"I understand your point. Do what you must for our duty."

"Thank you, Dale."

"One question though before you do it. Walter, do you, never mind."

"Do I what?"

"Never mind, I said."

I crouched by the bedsheet. A peek under revealed new watercolor canvasses. I pulled a stack out and was greeted by a mostly finished nude. Perhaps generous, I could describe it as purely artistic. The lighting made it so, if one just ignored the exaggeration to the woman's sexual characteristics. Below it was an animeseque nude. I did not bother to check the rest knowing that I found the relevant material.

"Did you find them?" Dale asked.

"I did."

"I understand."

I heard neither Dale nor Eliza turn around to join me. I was left alone with the nudes. I was now quite unsure what to do with them. Should I burn them? Where could I burn them? When could I burn them? These were people's commissioned art pieces, to destroy them might damage a vested property interest against the estate. The estate that I would manage with dad.

Dale and Eliza continued shifting through the other pieces. I doubted that they would find anything more than unfinished landscapes. Perhaps that was how we were supposed to remember Rene, not as a perverted artist but a failed painter who only sought to make us happy with landscapes. The charitable version, and quite a lie as well, but it was the marketing spin required for everyone to get through the funeral.

"Why do you think he did it?" Dale asked.

"Did what? Rene did a great many deal of things."

"I suppose I want to know what compelled him to start making the pornographic work. It so differs from his previous work and stands so much at odds with what I would expect from him. He had artistic principles, something greater than pornography. He wanted people to be happy, and not happy for five minutes, but happy in life."

"Recognizing what must have been his economic woes, I would be inclined to say that he needed to provide for himself via any and all economic avenues. The production of porn was only the next logical step."

"I see."

"It is unideal for him. He kept a good accounting book from what I flipped through. He could have taken a good job in my office if I knew."

"He's good at accounting?"

"It seemed that he was. I advised him to take an accounting class back in high school. His accounting book testified to those skills."

Dale said nothing.

"Rather than pursuing his romantic dream of the tortured artist, he could have gotten a real job in an accounting office."

"Are you happy working in your business office, Walter?"

"There is a unique thrill to it, Dale."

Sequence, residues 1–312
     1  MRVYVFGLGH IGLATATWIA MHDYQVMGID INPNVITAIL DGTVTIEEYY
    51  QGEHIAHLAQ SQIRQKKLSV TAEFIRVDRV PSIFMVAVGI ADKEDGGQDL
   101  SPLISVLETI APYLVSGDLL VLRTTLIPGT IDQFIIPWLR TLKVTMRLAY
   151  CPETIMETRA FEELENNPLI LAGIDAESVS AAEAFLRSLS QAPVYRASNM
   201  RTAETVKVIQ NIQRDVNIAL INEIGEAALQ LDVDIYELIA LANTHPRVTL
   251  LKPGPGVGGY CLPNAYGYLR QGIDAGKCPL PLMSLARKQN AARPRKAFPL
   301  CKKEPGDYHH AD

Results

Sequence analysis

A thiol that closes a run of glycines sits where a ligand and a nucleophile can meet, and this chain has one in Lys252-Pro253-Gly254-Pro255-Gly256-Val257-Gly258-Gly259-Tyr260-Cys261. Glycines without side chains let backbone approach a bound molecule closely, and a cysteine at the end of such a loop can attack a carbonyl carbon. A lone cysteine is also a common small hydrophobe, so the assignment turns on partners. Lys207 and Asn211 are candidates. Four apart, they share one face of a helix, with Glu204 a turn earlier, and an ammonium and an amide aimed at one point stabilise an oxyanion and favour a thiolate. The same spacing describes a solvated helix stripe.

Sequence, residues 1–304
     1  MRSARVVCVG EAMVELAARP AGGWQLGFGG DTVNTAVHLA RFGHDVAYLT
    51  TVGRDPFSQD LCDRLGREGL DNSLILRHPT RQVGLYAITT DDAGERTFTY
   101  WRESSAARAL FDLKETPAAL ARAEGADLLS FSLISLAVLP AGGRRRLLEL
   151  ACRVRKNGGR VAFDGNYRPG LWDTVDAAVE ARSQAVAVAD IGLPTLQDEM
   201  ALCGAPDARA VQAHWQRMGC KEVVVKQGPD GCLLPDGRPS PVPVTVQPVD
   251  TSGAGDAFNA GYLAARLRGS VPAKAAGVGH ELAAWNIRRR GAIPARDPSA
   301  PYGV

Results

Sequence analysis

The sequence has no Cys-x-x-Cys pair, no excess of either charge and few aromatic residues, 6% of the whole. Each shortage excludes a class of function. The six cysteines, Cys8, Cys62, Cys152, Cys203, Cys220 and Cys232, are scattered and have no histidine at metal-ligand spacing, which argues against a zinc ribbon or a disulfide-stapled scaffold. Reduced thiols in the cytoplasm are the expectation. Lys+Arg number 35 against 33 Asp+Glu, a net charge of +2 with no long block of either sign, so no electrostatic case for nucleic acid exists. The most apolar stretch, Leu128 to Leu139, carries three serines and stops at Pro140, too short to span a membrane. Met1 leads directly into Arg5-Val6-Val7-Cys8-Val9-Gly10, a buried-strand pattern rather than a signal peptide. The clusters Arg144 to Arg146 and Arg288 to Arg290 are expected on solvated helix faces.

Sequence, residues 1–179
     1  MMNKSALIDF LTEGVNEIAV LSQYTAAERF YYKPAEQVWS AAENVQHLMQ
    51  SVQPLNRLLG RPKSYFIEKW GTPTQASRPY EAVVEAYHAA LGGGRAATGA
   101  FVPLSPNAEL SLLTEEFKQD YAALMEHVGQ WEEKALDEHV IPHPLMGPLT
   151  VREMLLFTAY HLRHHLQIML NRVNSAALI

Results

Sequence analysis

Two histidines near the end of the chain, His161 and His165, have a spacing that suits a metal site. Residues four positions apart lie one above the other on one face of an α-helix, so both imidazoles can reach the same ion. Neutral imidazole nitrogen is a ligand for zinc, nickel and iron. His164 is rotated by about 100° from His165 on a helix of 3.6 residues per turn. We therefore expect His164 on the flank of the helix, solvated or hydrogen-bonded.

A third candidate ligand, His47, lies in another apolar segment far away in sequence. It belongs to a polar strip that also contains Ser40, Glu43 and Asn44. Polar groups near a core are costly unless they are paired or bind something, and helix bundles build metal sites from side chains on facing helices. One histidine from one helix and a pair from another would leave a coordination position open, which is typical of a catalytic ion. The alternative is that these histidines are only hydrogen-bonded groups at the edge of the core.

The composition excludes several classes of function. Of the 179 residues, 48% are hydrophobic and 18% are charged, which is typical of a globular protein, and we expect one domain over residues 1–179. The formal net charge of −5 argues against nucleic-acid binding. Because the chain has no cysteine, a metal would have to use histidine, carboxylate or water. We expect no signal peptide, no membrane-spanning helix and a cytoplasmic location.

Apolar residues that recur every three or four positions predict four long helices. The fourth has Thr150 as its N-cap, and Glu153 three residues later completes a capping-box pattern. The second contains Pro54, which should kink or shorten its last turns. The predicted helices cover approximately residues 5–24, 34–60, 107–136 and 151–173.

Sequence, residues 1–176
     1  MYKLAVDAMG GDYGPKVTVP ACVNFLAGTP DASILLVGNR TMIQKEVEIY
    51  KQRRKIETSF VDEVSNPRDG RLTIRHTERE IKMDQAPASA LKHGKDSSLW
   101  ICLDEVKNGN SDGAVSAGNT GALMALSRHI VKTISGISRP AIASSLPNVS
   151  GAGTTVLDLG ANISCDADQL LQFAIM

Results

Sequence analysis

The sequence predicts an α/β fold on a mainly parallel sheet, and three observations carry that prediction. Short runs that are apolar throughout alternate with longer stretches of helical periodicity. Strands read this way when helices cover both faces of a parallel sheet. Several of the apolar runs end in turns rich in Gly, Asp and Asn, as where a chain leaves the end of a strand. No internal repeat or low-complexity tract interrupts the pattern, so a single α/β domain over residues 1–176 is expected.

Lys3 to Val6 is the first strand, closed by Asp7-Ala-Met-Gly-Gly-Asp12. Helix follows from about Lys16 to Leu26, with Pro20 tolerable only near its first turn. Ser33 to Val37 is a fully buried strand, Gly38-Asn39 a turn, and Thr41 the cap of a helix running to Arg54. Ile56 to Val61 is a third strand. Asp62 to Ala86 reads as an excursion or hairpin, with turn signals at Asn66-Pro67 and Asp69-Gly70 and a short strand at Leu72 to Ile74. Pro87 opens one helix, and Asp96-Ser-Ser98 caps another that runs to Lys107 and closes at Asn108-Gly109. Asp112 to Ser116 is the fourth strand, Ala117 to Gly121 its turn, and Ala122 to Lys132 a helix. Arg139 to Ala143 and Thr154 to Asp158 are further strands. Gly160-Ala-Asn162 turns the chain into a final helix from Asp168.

"Unique thrill to trading in debt and colossal fortunes that probably are trivial to you now?"

"Now is not the time to debate the morals of my work."

"Dale," Eliza extended an arm to him, "can it, can it right now."

"Yeah, I guess not."

I said nothing.

"Sorry, Walt."



"I cannot always say if I am happy for more than five minutes at my job either. The smile varies in length relative to the size of income. Was Rene?"

"I, I cannot say," Dale said.

"He was so happy when he saw how much we loved his watercolor. Do you remember that?" Eliza asked.

"I do. He came to visit us and after Eliza and I told him a few days earlier that she confirmed her pregnancy. He made a picture of a toddler wading along the beach."

"I saw that earlier today."

"He couldn't stop smiling when he gave to us."

"That would not have been too long before his suicide," I said.

"Yeah, yeah, you're right about that," Dale said, "was it the last time I saw him alive?"

The fly's buzzing continued. I felt a need to break the moment and tried to track the buzzing and find the fly. However small it was made it difficult to track. I grew quite aware of the sweat trickling down my forehead. I wiped it off and then turned on the air condition. The rush of cooling air did us all well.


"No need to say sorry, Dale. We know from his suicide note that Rene took his life for a deep fear of the future and inability to pay the bills. His art, taken in its most charitable form, made him happy."

Neither replied.

"This happiness was tarnished by the reality of his finances that required him to produce pornography to survive. Eventually the totality of the fear pushed him to suicide. He had dreams, a desired narrative to paint of his life, but no means to accomplish them, in the end, he ended his life."

"You're right," Dale said.

"I just wish I wasn't."

Neither spoke.

"Rene was a kid who I told to take an accounting class. He must have done well. That's all I have to say," I said, "to say as his oldest brother."

"You don't have to be rough on yourself, Walter."

"I could have done something. You had time for him, resources to spare. What do I have? Everything more than you and I gave nothing to Rene."

"We gave him little–"

"You gave him time, something that I never had for him. Never had time to give him. I want to give him time now," I sniffled, "but I could never."

"Walter, I'm telling you," Dale stopped at Eliza's touch.

"Dale, I think Walt wants to talk right now."

"Yes, I do want to, I wish to. Thank you, Eliza."

"Please go on."

"I have nothing else to say now."

Sounds from the apartment over permeated thin walls. Rushing water from a shower vibrated through Rene's apartment. Outside, the birds continued to sing. A quiet hum of traffic broke through the air. Perhaps strongest of all were our breathes. Dale's was the heaviest, labored and wet with emotion. Eliza's was thinner, wet with emotion as well. Mine was deep, pressurized by my heart and the heat of grief.

"I think you and Eliza were the first passengers in my car not to be business related," I said, "do have you plans for a car seat?"

"A car seat?" Dale asked.

"For your child when he or she is born."

"Of course, anything for our baby."

"Will you be getting a baby on board sticker?"

Dale smiled, "what are you trying to get at?"

"I'm curious, that's all."

"Yeah, I guess it is in the distant future."

"Yeah, cause eight months is so far very far away," Eliza said, "and easier for you to say."

"I'll be sure to pick up my slack on chores as the pregnancy develops."

"I really only do keep you around because you're cute. I can't trust you to keep your word."

"Don't worry Eliza, I'll earn my keep once our baby is born."

I smiled. I had little knowledge of children, even less of where to buy products for them. When we drove back to Dale's house, I would take them to a store. There I could purchase towel and swimwear for the little wanderer on the beach.